What’s so bad about Earth? There’s food, water, bunnies, cake pops, carnivals, Leonardo Dicaprio, and everything else anyone could ever want. Yet for some reason, the Dutch have decided to launch an initiative that aims to put a colony on Mars by 2023. The 6 billion dollar project already has over 78,000 applicants of all ages vying for a spot on the red planet. I’ll admit, when I first heard about this project, a sense of excited flickered in my heart as I began to imagine being part of a generation that witnessed the start of a Martian race. However, when the rational part of my brain sprang to life, I started to second guess my enthusiasm for the next final frontier expedition. Mars One (the project’s title) may look good on the outside but in reality, poses a lot more problems than it would have us believe. On the other hand, many aspects of it could prove beneficial to the human race.
Mars One could restart the space race.
Not to channel my inner Holden Caulfield here but JFK was probably the world’s biggest phony. Like every other woman in the 1950s, I was enamored with the unusually attractive president up until I took a history class last year that exposed his true colors. However, I have always appreciated his “Space Race” determination (even if it was only started in an attempt to one-up Russia). Space is truly one of the most fascinating places in existence. It is an endless pool of darkness that harbors millions of new mysteries just waiting to be discovered. The world’s exploration of space represents our dedication to learning about the universe, and our decision to end that exploration represents our abandonment of that cause. Going to Mars may rekindle the hope that leaving Earth once carried and remind people that we as a species should always strive to achieve a larger goal. Reach for the stars because if you miss, you will fall and land in a Mars colony.
We’d have an extra storage area for humans.
We all know overpopulation is a problem. Humans breed like bunnies nowadays and it’s leaving us with too many mouths to feed and not enough forks to do so. But imagine if we had an extra place to put a chunk of our population? Mars may be half the size of Earth but that’s still 2,000 miles worth of land that could be used to house human beings. I’m not particularly fond of living on a desolate planet away from civilization but if 78,000 individuals have already committed to that sacrifice then I say, let them go. More Earth for us.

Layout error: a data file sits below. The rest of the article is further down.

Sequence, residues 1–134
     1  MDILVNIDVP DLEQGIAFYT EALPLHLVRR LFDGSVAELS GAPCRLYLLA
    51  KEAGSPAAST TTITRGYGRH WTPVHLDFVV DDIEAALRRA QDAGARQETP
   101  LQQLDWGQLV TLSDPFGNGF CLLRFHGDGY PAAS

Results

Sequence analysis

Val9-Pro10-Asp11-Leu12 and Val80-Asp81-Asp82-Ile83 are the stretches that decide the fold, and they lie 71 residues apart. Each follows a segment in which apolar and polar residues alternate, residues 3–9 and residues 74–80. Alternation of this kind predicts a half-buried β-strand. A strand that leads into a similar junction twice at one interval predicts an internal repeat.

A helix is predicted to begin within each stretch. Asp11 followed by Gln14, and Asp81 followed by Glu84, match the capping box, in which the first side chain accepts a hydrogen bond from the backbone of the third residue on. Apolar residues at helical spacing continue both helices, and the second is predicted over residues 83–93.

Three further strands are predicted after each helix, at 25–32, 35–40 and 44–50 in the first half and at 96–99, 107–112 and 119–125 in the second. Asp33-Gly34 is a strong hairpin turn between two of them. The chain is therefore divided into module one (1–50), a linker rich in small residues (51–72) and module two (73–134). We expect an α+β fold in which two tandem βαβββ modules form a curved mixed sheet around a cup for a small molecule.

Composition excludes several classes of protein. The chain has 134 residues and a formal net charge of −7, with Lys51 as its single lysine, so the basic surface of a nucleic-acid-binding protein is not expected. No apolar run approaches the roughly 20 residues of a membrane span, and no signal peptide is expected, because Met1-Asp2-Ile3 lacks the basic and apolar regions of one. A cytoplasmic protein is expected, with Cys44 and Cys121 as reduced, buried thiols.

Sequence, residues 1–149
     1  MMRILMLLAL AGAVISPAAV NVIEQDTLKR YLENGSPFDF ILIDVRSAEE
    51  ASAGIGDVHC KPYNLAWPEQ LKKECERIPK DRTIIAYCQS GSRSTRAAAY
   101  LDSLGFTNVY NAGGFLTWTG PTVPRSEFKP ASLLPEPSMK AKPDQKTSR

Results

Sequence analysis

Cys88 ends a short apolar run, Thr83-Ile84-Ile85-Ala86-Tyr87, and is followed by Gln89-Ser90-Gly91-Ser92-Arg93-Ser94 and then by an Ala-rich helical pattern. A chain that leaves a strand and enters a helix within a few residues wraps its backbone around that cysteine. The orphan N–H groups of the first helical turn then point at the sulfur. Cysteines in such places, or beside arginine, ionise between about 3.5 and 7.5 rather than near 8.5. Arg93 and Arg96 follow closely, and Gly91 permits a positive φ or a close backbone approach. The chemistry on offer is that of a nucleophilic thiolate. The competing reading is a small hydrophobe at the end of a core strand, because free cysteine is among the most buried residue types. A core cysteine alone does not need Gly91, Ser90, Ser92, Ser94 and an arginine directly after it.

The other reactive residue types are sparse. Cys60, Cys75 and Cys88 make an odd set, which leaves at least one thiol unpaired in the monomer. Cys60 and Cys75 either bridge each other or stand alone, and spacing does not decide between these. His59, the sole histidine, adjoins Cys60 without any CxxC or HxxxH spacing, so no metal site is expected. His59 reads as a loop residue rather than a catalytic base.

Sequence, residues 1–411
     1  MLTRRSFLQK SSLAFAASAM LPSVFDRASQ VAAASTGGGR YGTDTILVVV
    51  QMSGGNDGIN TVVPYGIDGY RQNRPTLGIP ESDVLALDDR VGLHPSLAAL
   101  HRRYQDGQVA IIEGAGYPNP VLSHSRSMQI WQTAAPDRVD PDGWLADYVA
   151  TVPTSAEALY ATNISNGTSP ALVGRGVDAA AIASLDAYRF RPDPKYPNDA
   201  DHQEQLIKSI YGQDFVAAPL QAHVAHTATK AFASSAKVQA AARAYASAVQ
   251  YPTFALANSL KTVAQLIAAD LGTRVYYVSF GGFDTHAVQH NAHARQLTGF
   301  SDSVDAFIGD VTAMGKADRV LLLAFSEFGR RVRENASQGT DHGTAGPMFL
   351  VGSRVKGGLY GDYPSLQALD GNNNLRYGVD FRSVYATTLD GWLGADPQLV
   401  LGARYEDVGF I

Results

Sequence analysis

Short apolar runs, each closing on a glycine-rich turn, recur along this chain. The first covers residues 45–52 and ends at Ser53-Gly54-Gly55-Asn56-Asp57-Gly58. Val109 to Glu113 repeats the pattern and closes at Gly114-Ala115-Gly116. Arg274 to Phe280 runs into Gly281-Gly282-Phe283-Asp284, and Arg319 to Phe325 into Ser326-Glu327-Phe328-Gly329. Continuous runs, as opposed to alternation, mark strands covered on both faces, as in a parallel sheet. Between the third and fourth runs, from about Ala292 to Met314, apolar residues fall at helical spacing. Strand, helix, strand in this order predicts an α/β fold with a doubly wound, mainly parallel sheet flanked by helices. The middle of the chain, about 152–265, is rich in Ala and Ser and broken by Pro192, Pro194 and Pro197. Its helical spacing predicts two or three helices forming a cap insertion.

There’d be an explosion of culture.
Remember when Earth was created? And all the dinosaurs started wearing I <3 Earth T-Shirts and everyone began writing stories about how happy the grass made them feel? No? Well that’s probably because no one was there to see it. The start of a colony on another planet is more outrageous than anything we have ever known. The moon landing alone spawned an age of science-driven children determined to become astronauts and alien-hunters. Imagine the cultural explosion that could result from the excitement a Mars colony could generate. New science fiction novels. Martian-themed products. The development of pride for a whole new world (and I’m not saying that just to make an Aladdin reference). The very act of settling on Mars would change the planet that everyone left behind.
Mars One would be a media circus.
And yet, it is this very burst of culture that may also make Mars One the absolute worst idea in history. According to the project’s website, the leaders of the initiative “plan to fund [Mars One] by making it the biggest media spectacle in history.” That’s a real quote, you guys. And in case anyone was not aware, the “media spectacle” they’re referring to includes a reality TV show that follows the lives of the first Mars settlers. Are we really that obsessed with reality television that we need to bring another planet into it? Is that really fair to Mars? Plus, the way the Mars One mission description describes the expedition is a little frightening. Mars One wants the “whole world as an audience” so that every step of the project, from the astronaut selection to the initial launch, will be a “televised spectacle” and can create a market for Mars-themed merchandise. Mars One will be the nail in humanity’s materialistic coffin.
Humans would have the chance to play God.
If humankind had a rule book, I’m 99% sure there would be a clause somewhere in there prohibiting the colonization of another planet. Though I myself am not religious, there are many religions that protest the migration of humanity to another floating rock, claiming that we were given this planet for a reason. In some ways, I agree. As far as we know, Earth is the only habitable planet in the universe (for intelligent life, at least). Who are we to push the boundaries that we’ve been confined to since the beginning of time? Maybe there’s a reason we were given one planet. Plus, it doesn’t seem very noble to claim Mars when we’re in the process of destroying the planet we already own. We don’t have the right to play God, nor could we handle it, in my opinion. (Did anyone watch Bruce Almighty? Geez.)
I like to think I’m a bit of a space geek. I may not be able to retain any technical information about astrophysics but I keep an eye on the news in case any new interesting planets should be discovered and I appreciate Neil deGrasse Tyson’s science tweets on occasion. That being said, Mars One both terrifies and excites me, which is why I will deem it a very, very weak HOT. Because as cool as the idea may seem, the ethical implications of it are not up to my standards. What do you all think? Is Mars One HOT or NOT?